dition in Provence, and his Treaty with the Count
of Tendes. XCIV. He retires to Geneva, XCV.
The Duke of Guise's Offers to bim, and bis Answer.
XCVI. Commotions in Normandy, caused fpe-
cially by a Fanatick. XCVII. Several Judg-
ments ebout the Princes of Bourbon. XCVIII.
The King sets out for Orleans. XCIX. Advices
of Marillac to the Duchess of Montpenfier.
C. That Prelate's Death and CharaEter. CI.The
King's publick Entry in Orleans. CII. Confesion
of Faith drawn by the Guises. CIII. They in-
fringe 14poin the Liberty of the Deputies to the
States. CIV. Dandelot retires secretly from
Court. CV. The King of Navarr and the Prince
of Condé set out for Orleans. CVI. Their Re-
ception. CVII. The Prince of Condé arrested.
CVIII. As likewise the Dowager of Roye, and
Groflot Bailiff of Orleans. ČIX. Commissaries
eppointed for examining the Prince, Cx. Great
Violences of the Guises. CXI. They refolve upon the murder of the King of Navart. CXII. Admiral de Coligny in danger. CXIII. The Constable's Prudence. CXIV. The Prince's Tryal and Condemnation. CXV. Great Policy of the Queen Mother. CXVI. The King's last Fit of Sickness. CXVII. The Guises provide for their own Security. CXVIII. New danger of the King of Navarr. CXIX. Instances of ibe Guises to bave the two Princes of Bourbon put to death, but in vain. CXX, King Francis's Death and Obsequies. CXXI. A General View of the Reformed Churches in France during this Reign.


E are to enter into a new Scene of the FrancisII. most tragick Events, which scarce can 1559.

Pope be parallelled in any History ancient

Paul IV. or modern, whether considered in their Nature, in their Cause, or in the Springs and the Means Introducput in use to bring them forth, or in their long tion to this duration. We shall see one of the most flourish- second

Book. ing Kingdoms made a prey to the Avarice and Ambition of a foreign Family ; which, for compassing their Ends, gratifying their criminal Passions, and paving their way to the Throne, by depriving the lawful Heirs of their just Rights, fpared none of those Methods which the most, unjuft Ufurpers are wont to put in practice to attain their ends, Knavery, Perfidiousness, Perjury, Lyes, Calumnies, Murders, Affaffinations, Poisoning, Massacres, &c. And all that under the fpecious pretence of the publick Good, and the honour of Religion, to dazzle the People's Eyes, and intrap them the more eafily in their Snares.

These Events are so strictly united, though hy accident, with the History I have undertook to M 2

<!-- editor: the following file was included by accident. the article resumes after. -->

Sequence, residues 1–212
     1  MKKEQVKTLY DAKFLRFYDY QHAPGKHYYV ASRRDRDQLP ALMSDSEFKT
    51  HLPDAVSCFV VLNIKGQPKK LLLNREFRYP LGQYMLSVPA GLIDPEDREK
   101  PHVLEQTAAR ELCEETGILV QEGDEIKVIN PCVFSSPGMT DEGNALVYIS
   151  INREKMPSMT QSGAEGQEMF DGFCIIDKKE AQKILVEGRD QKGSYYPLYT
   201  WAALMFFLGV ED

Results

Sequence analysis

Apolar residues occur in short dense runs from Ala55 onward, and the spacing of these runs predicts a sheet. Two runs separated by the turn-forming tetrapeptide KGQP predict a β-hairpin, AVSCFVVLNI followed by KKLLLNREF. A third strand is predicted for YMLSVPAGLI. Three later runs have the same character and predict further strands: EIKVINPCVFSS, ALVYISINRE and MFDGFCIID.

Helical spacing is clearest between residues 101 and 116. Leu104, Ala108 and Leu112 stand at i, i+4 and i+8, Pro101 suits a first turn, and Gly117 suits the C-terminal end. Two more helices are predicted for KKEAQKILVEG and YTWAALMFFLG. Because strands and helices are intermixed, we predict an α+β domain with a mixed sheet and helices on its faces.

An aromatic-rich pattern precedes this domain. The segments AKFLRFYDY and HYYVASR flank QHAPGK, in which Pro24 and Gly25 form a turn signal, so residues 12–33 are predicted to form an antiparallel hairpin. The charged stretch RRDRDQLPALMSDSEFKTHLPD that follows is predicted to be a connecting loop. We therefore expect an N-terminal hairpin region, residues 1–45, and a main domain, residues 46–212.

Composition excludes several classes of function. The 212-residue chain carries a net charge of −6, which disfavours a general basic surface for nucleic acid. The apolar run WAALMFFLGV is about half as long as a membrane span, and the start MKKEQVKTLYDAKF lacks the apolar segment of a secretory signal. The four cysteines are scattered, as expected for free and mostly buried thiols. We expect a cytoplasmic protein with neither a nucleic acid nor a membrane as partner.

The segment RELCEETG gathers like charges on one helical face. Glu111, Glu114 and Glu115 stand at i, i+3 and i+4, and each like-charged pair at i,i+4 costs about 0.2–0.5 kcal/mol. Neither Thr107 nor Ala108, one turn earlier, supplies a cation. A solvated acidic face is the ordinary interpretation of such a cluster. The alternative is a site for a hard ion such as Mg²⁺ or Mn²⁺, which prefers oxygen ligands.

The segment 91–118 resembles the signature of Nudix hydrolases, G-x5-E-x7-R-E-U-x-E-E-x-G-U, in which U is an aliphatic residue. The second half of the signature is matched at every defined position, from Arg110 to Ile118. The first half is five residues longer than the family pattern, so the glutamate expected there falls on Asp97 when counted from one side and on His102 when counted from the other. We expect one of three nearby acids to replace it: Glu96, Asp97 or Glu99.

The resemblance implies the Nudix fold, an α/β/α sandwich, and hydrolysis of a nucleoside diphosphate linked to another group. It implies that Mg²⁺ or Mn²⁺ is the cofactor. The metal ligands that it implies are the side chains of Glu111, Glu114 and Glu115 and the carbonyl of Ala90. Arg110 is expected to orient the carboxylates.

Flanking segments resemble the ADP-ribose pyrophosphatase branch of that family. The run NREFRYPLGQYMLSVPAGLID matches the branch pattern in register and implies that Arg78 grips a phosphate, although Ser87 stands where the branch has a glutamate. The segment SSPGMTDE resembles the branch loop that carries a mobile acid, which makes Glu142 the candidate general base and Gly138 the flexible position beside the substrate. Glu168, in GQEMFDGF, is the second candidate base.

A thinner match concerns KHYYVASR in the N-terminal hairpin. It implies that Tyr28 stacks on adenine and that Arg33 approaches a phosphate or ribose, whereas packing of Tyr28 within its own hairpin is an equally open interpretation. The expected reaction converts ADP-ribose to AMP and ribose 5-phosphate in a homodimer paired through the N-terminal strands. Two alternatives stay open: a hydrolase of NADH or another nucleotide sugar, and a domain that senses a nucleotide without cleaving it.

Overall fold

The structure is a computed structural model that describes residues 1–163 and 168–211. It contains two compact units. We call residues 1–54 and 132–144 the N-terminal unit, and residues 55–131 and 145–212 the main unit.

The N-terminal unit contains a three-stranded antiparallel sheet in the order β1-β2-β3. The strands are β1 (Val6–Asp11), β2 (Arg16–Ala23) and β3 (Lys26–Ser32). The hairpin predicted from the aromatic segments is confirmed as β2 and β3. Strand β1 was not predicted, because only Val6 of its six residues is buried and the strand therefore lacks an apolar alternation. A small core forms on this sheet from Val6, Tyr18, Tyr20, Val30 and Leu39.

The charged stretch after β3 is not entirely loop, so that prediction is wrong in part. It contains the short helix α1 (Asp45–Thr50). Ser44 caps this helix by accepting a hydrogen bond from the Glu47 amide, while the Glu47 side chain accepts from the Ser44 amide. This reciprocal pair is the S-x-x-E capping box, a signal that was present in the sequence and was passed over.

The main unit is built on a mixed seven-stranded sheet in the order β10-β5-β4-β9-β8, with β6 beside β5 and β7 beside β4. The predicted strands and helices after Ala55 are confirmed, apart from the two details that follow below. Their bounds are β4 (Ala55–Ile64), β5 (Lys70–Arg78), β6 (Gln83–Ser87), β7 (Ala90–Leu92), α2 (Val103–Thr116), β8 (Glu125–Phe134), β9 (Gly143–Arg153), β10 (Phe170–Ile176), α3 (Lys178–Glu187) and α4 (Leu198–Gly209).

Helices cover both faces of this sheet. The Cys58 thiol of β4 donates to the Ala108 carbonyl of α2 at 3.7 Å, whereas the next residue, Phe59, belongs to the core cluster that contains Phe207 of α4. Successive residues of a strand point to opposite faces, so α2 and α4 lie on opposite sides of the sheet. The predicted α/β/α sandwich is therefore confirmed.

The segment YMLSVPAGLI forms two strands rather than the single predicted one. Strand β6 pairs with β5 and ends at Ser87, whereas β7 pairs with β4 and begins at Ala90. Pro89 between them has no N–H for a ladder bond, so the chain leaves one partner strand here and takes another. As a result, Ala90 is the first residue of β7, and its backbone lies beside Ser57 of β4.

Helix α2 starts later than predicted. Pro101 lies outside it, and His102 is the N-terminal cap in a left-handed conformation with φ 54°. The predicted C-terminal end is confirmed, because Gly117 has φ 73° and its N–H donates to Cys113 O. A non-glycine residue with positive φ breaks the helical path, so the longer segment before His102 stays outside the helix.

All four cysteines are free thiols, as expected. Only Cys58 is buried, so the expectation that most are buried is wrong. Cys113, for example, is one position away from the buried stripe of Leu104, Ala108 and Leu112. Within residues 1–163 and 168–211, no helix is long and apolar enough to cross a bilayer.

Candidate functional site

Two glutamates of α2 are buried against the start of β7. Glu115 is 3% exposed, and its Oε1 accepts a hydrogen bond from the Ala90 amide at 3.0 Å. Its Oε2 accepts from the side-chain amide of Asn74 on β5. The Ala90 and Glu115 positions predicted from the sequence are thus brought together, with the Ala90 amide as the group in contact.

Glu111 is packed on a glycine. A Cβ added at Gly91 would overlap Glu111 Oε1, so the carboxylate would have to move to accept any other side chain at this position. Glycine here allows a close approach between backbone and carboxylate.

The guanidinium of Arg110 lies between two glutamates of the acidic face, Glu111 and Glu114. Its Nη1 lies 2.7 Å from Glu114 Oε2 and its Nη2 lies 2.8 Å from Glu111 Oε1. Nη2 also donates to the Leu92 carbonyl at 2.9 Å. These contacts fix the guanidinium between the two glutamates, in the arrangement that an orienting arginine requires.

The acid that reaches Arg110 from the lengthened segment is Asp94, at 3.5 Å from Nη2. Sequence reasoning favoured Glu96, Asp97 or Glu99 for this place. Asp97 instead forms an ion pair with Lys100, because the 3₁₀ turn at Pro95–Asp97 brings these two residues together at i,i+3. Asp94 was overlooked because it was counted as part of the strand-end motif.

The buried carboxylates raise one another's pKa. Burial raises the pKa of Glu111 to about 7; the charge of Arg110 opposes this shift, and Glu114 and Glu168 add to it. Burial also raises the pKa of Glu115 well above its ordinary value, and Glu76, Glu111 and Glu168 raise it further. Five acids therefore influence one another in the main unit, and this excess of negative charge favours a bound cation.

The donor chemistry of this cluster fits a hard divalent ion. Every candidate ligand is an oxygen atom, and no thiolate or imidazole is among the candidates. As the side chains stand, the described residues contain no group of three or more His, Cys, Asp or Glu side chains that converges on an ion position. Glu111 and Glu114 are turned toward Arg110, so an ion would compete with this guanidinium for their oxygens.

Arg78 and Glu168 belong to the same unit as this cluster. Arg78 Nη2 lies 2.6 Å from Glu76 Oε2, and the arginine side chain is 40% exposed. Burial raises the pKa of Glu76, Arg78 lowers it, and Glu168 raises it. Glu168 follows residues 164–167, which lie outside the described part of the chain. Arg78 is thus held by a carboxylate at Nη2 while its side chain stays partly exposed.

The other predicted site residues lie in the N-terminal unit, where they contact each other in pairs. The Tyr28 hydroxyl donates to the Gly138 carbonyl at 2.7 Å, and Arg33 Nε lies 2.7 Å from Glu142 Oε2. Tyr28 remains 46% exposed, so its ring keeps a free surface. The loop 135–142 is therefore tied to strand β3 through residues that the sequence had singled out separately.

FrancisII. write, that it is impossible to separate them ; and 1559. to the end that the Reader may form a right

Pope Paul sv. Judgment, and know whether the Reformed

Religion was so much concerned in them, as to be the cause of them ; as Maimbourg, Daniel, and other Writers of that kind have boldly afserted, he must be first thoroughly acquainted with the true Character of the Ringleaders and chief Actors, in those bloody Tragedies, and then we shall consider in their proper place the true Causes and Motives of their Conduct, the Ends they proposed to themselves. But I shall give here only the Character of those who have begun under this Reign ; and the two or three first years of the following, referring to speak of the others, as they shall come upon the Stage : I shall begin with the Queen-Mother.


rine de

CATHARINE, Daughter to Laurent de MeCharakter dicis, and Niece to Pope Clement VIII. was born of Catha

at Florence in the year 1520, and was married Medicis. to Henry Duke of Orleans second Son of Fran

cis I. The Ceremony was performed at Marseilles, where the King of France and Clement met together in October 1533.

All the Historians of those times agree in giving to that Princess all the Accomplishments of Body and Mind.

She had a noble and majestick Mien, ingaging Manners, a great Wit, quick in finding out a thift, in the greatest Emergencies; and not desponding in the greatest Misfortunes.

She had little or no occasion to make use of these Qualities, during the Life of the King her Husband, who being entirely possessed by the Duchess of Valentinois, gave no share at all to his Queen in the management of Affairs.